After returning from injury, though, Thybulle slipped back into some rookie errors again. After shooting so well before his injury, he shot just 25.3 percent from three in 27 games since returning, and averaged 4.5 points per game with a 38.5 field goal percentage. He wasn’t at his best defensively, either. While he had good nights here and there after coming back, it was a relatively rough stretch for him overall.
It’s obvious how good Thybulle can be, though. As the plays in the clip below help demonstrate, he’s a special playmaker on defense. Whether he’s reading plays before they happen, flying into passing lanes, hounding the point of attack, contesting shots from behind, beating screens, or smothering pick-and-rolls, he can do all the Sixers need from him defensively.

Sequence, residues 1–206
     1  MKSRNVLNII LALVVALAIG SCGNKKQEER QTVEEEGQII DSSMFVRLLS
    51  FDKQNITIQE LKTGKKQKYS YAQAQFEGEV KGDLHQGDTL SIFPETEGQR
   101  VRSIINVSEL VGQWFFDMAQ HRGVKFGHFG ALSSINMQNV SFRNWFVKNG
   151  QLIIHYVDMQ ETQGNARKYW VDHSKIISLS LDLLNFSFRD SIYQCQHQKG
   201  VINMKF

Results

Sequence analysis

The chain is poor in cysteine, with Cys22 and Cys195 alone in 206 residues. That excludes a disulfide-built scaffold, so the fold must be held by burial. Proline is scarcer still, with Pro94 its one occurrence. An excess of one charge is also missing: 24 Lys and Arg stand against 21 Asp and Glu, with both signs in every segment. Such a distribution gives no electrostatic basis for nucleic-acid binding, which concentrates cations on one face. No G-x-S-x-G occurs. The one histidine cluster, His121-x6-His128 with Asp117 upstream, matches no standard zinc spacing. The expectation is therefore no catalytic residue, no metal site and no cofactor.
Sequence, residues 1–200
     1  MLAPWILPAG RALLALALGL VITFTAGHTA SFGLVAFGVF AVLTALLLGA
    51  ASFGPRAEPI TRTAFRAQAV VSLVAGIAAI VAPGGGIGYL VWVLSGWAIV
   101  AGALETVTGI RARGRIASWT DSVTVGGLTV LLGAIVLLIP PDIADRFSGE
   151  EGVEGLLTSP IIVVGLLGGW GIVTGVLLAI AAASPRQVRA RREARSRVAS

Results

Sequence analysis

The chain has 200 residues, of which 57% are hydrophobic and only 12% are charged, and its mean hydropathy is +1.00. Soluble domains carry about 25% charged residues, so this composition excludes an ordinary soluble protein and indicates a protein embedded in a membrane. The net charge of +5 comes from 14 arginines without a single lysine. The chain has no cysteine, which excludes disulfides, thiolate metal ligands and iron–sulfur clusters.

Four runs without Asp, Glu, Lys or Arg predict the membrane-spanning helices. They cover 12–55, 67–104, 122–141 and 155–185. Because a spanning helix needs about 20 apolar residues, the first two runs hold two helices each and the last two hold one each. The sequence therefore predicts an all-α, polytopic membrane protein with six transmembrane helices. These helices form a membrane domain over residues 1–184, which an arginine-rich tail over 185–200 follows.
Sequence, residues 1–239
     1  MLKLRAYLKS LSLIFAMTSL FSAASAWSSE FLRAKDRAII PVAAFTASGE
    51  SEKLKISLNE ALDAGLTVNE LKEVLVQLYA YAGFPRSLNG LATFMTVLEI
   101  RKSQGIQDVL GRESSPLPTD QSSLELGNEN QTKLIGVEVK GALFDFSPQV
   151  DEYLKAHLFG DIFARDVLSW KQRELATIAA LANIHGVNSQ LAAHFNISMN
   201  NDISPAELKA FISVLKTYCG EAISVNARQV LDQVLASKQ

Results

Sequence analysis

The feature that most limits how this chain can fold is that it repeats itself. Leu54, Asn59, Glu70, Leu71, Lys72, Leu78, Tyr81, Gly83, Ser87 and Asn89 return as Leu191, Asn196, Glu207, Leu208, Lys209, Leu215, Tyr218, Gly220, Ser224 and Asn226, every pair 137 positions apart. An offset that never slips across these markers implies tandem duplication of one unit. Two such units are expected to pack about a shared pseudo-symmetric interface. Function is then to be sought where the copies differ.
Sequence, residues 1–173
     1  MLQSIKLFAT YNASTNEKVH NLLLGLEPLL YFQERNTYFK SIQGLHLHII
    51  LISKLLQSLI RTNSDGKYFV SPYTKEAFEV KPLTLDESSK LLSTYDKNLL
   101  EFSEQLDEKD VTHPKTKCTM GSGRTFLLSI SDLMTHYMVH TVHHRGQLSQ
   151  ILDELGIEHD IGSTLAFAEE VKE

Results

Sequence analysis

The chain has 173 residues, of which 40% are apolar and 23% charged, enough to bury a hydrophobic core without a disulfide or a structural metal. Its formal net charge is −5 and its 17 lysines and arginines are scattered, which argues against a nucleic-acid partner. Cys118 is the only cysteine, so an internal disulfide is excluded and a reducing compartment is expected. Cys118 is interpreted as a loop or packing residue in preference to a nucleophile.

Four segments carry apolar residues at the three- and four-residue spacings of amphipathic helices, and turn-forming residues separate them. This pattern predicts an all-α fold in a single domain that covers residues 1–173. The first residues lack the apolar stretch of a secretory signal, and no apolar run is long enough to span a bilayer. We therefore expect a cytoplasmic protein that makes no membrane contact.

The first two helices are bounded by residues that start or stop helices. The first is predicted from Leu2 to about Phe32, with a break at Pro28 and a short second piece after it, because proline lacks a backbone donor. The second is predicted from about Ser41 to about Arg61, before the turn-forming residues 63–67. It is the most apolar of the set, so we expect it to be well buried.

Thybulle ended on a high in the Sixers’ final game, too. Against the Detroit Pistons on March 11, he tallied 9 points on 4-of-5 shooting, made a nifty assist off a euro-step drive to set up Horford, and picked up 3 steals as he bothered the Pistons on and off the ball.
Overall, Thybulle has delivered as a rookie. His offensive potential was always going to be limited, and he’s still got plenty to work on besides his jumper. His finishing at the rim is probably the next priority, along with being able to consistently make smart, simple passes and not rush his decision-making.
It’s unlikely he’s ever a positive (or maybe even average) offensive player. But his improved composure from early in the season and his consistent confidence as a three-point shooter is something to build on. If he can make any refinements to his offensive game and land somewhere around (ideally slightly above) the 35.2 three-point percentage he has for the season, that’s all he needs to do to support the value provided by his stellar defense.